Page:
Interview with Diyarbakir Tekel workers
How many workers from Diyarbakir have been affected by the Tekel closures. How many of you are here in Ankara?
1,000 workers have been affected and 400 are here.
How did your struggle start?
In a way, it all started in 2002 when the government started to give part the production of alcohol (over which Tekel previously had a monopoly) to their capitalist friends. Those capitalists sold it to more capitalists for a profit. In 2006, the tobacco production wing of Tekel was sold for $1.7 billion to British American Tobacco (BAT). During all this time there were conflicts. But when we received letters with the company’s pitiful offers, we began to struggle. This was also the beginning of a new awakening of the working class.
What is your balance sheet of the 4 February general strike?
2 million went on strike. 5 of the 6 trade union confederations were involved. Even before 4 February, there had been solidarity strikes, increasing day by day.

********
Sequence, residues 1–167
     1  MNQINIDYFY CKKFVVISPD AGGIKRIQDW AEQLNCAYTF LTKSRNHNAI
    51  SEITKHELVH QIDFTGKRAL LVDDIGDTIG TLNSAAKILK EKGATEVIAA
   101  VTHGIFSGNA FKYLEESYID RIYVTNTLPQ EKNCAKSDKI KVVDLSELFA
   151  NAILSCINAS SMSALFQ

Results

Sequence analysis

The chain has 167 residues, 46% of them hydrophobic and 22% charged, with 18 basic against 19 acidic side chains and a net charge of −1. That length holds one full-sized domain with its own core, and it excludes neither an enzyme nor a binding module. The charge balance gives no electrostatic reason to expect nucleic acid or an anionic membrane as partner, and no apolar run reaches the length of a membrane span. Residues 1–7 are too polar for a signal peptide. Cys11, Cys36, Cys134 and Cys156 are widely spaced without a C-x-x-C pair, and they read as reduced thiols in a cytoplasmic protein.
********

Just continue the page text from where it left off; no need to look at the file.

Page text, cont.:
On 12 February the trade union confederations will come together to discuss the next steps. What are your expectations of this meeting?
There should be another general strike. As a general strike is illegal in Turkey, we often use the term ‘general action’. This ‘general action’ should be held for one day, then extended to two, three or more days.
How has your attitude towards the AKP changed?
70% of us workers have voted for the AKP. The AKP members in parliament gave us their word of honour and then broke it. [Tekel workers were promised that they would retain the same working conditions after privatisation]. The anger over this is huge. We will not allow the AKP to treat us like a ‘vote bank’ anymore.
One feature of your struggle has been the unity of Turkish and Kurdish workers. What does this mean for you?
When we came here, we were workers with different origins. Here, we are all together. Lazen, Turks, Kurds, Cerkess and others…. We taught each other our dances and danced together. This has developed for us as a school of brotherhood. The AKP promised us “a democratic opening”. [The government announced in late summer last year reforms relating to the Kurdish national question, which were quickly exposed as hot air] Nothing happened. The “democratic opening” is now happening here in Ankara.